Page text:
An employer’s guide to chronic Urinary Tract Infection

This leaflet aims to provide information to help you support employees suffering from chronic Urinary Tract Infection (UTI).  With reasonable adjustments, most people can be supported to continue in work.

Symptoms can vary in severity on a daily basis in that a sufferer can appear fine one day and be in considerable discomfort the next.  Chronic health conditions cause more than constant pain; they also cause emotional distress and anxiety.

Unlike an acute UTI attack which usually resolves within a few days usually with a short course of antibiotics, chronic UTI is different.  The infection does not clear up but becomes embedded in the wall of the bladder making it more difficult to treat and causing ongoing problems.

Sufferers of Chronic UTI often find it very distressing and embarrassing to discuss their illness, even with family and friends. If your employee comes to you about this condition, please remember it has taken them considerable courage to ask for help.


A chronic UTI can cause your employees all or some of the following symptoms

  • An urgent need to pass urine, sometimes with pain before and after
  • A need to pass urine many times a day – this can rise to 4 -6 times an hour on bad days
  • Pain, usually burning or stinging, when passing urine
  • Sleep deprivation through having to get up several times in the night to pass urine
  • For women, pain across the pubic bone and lower abdomen and for men, pain radiating into the rectum
  • Fever, feeling generally unwell, a dull ache in the lower abdomen and back
  • Emotional distress and brain fog/confusion – this can be from side effects of prescribed medication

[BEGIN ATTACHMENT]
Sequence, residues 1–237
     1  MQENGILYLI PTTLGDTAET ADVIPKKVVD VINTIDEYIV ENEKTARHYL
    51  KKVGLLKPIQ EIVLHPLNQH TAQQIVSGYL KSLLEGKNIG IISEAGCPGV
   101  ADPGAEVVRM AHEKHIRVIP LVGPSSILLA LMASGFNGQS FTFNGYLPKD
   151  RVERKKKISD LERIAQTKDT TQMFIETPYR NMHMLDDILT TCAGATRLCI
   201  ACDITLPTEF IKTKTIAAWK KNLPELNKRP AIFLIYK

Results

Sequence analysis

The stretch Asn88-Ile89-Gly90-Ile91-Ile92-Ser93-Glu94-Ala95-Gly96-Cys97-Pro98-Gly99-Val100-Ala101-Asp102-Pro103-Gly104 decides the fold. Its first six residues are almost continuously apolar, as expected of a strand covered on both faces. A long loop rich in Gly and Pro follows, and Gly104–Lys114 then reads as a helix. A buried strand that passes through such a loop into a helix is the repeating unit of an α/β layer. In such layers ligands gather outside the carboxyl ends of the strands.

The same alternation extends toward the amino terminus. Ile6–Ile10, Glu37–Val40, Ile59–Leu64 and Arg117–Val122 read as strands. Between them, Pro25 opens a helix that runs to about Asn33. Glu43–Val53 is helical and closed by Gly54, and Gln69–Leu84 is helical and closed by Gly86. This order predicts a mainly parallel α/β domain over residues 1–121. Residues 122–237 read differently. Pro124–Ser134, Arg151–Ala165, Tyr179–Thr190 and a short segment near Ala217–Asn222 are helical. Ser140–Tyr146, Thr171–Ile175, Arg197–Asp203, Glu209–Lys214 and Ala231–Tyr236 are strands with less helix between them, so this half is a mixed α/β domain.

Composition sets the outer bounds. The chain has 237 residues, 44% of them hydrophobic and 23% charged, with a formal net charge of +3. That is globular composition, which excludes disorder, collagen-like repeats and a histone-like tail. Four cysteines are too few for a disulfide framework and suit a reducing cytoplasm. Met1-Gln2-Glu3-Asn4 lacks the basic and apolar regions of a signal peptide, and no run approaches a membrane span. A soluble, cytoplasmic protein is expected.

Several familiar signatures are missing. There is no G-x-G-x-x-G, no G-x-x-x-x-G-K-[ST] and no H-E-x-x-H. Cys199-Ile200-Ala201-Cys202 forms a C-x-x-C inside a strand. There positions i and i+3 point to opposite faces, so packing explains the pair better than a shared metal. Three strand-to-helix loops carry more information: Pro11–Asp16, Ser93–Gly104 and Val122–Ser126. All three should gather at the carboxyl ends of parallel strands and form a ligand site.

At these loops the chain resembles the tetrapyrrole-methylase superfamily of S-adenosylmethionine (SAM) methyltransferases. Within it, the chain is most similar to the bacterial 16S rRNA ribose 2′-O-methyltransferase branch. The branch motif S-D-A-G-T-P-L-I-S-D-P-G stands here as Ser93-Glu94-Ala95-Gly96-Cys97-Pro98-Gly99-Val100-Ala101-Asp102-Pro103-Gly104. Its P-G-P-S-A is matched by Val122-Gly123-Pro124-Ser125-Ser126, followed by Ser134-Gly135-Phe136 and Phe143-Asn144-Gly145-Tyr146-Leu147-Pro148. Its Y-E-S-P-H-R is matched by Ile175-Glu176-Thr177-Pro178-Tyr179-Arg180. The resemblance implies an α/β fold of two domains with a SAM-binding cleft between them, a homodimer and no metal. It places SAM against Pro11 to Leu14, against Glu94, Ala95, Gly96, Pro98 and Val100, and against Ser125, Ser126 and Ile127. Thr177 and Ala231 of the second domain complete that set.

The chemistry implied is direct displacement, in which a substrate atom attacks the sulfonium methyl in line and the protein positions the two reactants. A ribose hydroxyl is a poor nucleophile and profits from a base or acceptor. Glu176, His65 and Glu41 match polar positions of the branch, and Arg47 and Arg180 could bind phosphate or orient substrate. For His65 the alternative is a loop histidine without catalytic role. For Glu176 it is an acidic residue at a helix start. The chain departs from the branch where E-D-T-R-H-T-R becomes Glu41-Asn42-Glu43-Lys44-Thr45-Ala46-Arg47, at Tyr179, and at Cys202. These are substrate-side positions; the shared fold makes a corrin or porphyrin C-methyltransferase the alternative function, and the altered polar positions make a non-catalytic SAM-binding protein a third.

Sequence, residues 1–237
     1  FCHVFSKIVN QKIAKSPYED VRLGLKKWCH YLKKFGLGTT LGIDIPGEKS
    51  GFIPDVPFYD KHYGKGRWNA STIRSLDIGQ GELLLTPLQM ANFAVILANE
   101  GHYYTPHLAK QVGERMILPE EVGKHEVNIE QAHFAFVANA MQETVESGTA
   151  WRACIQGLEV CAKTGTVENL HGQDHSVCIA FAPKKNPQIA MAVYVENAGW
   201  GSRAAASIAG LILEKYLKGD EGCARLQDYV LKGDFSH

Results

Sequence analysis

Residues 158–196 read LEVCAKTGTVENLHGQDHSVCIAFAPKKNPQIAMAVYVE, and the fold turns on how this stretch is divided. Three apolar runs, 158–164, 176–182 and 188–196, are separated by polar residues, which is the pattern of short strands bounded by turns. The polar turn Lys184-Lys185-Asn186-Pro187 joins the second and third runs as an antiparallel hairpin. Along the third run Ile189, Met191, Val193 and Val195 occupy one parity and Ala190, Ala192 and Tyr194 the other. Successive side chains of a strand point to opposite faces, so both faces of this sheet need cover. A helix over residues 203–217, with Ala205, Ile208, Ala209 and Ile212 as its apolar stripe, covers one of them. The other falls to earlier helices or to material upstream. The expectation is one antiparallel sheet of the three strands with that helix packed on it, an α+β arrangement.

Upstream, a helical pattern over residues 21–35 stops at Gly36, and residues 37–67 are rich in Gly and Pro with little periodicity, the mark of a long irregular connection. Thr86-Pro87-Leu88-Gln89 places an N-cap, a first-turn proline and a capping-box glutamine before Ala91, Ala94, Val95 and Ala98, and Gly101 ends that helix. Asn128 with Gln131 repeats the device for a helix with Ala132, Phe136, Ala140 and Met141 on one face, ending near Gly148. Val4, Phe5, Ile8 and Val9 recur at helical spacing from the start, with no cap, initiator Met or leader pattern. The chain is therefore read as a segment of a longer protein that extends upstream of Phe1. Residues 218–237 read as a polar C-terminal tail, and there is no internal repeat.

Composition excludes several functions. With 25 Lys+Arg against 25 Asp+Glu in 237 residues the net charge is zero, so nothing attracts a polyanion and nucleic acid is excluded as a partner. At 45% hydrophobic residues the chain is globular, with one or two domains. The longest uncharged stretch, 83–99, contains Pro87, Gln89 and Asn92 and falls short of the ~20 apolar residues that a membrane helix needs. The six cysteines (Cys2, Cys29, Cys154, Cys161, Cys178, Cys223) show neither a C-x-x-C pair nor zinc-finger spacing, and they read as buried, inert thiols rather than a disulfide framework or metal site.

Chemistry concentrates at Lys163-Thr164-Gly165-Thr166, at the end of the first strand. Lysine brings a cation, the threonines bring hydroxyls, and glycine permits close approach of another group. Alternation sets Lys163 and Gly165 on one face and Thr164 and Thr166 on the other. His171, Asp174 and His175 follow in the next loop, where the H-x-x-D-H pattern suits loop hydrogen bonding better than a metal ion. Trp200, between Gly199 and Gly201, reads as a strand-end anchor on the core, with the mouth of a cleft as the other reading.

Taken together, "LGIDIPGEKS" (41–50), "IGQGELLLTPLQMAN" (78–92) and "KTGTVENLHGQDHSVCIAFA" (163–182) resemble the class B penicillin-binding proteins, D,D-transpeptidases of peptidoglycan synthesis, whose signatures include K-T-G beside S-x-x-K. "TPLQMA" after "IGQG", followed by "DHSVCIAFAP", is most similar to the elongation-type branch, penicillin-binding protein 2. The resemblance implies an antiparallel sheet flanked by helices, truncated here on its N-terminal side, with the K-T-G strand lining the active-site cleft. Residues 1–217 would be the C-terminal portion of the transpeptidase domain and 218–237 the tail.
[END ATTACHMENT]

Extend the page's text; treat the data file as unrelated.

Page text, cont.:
• Pain on lifting or carrying anything other than light items
  • Pain on strenuous activity, including negotiating several flights of stairs

At present, due to lack of research into this condition, sufferers are managed through antibiotics, pain medication and low dose antidepressants (used for pain control).  Dietary changes may also be required as well as help with mobility issues.  Unfortunately there is no timeframe that can be put on resolution of a chronic UTI but many sufferers continue to work and have no wish to give up working.


How can you support your employee suffering from this chronic disease?

  • Discuss their condition with them, identifying tasks which cause them problems and agree to make reasonable adjustments. This will help them continue to work without taking time off and provides them with much needed self-confidence. Talk about their day-to-day work, including posture, walking, lifting, sitting at a computer and using facilities at work.
  • If lifting and carrying are causing problems, if possible designate physical tasks to other colleagues in advance so they do not need to constantly ask for help; this can make it easier for them to do their job and feel less stressed at work
  • Agree to time off for medical appointments – this may be more than the norm as the condition often flares without notice
  • If your employee has been off work, make a plan with them on their return which could include working from home, a phased return or perhaps discussing a change in their role or tasks


Some potential practical solutions 

  • Consider home-working with fewer trips to the office/base
  • Sitting: avoid the need for the employee to sit for long periods, try a pelvic floor cushion or a different chair; encourage a change of position regularly
  • Walking: base meetings around the individual’s location
  • Climbing stairs: arrange work on the same level where possible
  • Easy access to toilet facilities: urinary frequency affects many sufferers of chronic UTI
  • Lifting and carrying: as for all pregnant women, this should be avoided and such tasks should be allocated to other employees
  • Driving: avoid the need for the individual to drive long distances where possible
  • Incorporating regular breaks or flexible working hours for the employee


Further information

Download a PDF version of this page to take to your employer.